Portugal and the Algarve

Portugal's Algarve - By Alan Garner

The coast west of Lagos, as far as Sagres, remains one of the least spoiled parts of the Algarve, largely thanks to the Parque Natural do Sudoeste Alentejano e Costa Vicentina which prohibits large-scale building on the coastline west of Burgau. As a result, the resorts, certainly west of Luz at Burgau and Salema, remain largely low-rise and low-key. Most of the coast is linked by a craggy coast path and you can easily walk between the villages: Salema to Luz, or Luz to Lagos are beautiful routes.

The Western Atlantic coast also offers grand walking; beautiful sandy beaches and low-level cliff walks with the hinterland of pine and holm oak. On several of our walks we end up on the beach for lunch.

LAGOS is one of the Algarve’s most attractive and historic towns, its centre enclosed with mainly fourteenth-century walls at the mouth of the Ribeira de Bensafrim. For all its historical significance, Lagos’s main attraction is its proximity to some of the region’s best beaches. To the east is the long sweep of Meia Praia, while to the west – from Praia de Dona Ana to Porto de Mós – you’ll find the series of coves, caves and rock stacks for which the Algarve is best known.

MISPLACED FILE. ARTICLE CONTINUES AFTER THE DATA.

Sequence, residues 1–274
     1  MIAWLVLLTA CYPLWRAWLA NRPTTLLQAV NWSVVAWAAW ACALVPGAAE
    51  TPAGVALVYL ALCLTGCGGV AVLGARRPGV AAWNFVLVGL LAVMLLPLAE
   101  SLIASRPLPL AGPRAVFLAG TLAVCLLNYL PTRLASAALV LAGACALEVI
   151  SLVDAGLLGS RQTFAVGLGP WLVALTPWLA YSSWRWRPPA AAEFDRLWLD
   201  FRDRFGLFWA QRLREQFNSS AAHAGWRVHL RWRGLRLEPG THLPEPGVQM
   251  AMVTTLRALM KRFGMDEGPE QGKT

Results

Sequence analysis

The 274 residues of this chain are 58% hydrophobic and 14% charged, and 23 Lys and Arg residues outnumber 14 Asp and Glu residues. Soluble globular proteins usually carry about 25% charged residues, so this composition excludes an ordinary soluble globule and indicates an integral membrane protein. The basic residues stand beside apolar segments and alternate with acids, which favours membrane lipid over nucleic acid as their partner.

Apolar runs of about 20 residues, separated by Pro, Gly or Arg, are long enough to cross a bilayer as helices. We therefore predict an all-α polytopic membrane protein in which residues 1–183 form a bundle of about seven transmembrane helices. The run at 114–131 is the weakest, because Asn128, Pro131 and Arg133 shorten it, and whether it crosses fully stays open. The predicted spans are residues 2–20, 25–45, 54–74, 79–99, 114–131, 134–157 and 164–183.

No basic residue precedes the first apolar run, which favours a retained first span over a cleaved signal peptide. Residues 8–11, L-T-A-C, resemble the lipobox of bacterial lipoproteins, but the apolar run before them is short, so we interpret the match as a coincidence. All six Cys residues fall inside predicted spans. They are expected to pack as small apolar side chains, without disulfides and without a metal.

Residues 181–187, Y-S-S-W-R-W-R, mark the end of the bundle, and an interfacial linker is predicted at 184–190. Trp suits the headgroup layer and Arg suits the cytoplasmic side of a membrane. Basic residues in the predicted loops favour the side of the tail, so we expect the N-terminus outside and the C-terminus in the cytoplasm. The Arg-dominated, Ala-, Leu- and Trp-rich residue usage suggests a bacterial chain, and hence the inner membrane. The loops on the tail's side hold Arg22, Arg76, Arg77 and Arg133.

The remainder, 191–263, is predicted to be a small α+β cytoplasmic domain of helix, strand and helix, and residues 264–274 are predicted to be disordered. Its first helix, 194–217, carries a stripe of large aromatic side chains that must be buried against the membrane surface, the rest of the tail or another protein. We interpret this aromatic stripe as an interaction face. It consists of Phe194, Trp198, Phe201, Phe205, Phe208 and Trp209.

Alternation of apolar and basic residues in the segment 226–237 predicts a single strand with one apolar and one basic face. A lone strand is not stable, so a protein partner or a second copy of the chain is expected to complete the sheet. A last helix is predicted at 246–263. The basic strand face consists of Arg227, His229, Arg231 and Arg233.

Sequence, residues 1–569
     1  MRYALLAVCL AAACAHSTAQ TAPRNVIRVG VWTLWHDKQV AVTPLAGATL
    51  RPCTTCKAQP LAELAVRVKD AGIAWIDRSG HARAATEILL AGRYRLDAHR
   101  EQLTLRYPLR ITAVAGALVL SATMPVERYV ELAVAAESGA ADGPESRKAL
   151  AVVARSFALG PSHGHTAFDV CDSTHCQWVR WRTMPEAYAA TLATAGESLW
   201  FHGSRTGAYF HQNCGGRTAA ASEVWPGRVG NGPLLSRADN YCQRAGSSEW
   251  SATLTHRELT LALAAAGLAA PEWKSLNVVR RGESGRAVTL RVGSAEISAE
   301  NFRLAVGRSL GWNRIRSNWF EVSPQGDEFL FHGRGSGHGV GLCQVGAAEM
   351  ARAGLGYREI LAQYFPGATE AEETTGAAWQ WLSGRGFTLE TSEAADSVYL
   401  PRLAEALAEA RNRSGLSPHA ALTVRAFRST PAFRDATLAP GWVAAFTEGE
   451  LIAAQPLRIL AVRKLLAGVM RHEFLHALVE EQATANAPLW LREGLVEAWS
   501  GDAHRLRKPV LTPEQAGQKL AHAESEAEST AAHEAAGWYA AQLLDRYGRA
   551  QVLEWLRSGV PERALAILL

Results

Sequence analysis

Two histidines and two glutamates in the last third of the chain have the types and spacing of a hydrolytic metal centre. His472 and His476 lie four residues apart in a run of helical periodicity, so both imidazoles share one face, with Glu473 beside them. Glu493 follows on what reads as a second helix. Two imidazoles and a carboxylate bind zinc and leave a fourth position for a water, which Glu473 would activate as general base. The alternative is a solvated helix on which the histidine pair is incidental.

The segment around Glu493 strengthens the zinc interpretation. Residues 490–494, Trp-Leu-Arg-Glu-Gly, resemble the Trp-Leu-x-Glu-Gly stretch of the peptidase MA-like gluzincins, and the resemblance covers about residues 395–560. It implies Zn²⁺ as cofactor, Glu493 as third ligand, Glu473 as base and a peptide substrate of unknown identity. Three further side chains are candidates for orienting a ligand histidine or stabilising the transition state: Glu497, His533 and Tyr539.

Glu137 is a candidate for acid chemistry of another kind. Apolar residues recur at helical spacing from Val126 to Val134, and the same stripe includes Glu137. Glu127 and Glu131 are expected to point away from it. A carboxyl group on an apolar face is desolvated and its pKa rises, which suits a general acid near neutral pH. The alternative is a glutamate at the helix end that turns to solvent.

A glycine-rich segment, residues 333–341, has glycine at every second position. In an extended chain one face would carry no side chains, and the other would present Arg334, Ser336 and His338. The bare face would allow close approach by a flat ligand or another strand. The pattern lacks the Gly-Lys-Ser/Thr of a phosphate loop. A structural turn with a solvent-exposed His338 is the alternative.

Much of Lagos was destroyed in the 1755 earthquake and Faro took over as capital in 1776. As a result the town went into a long decline, until tourism revived its fortunes in the 1960s. Since then it has developed into a major resort – though it also remains a working fishing port and local market centre.

Unlike many other resort towns, Lagos is an important city that is steeped in history, and the variety of historical monuments and buildings reflect this varied past. Fascinating buildings include the beautiful Santo Antonio church, the Mercado dos Escravos (Europe’s first slave market) and the charming 17th century Bandeira Fort.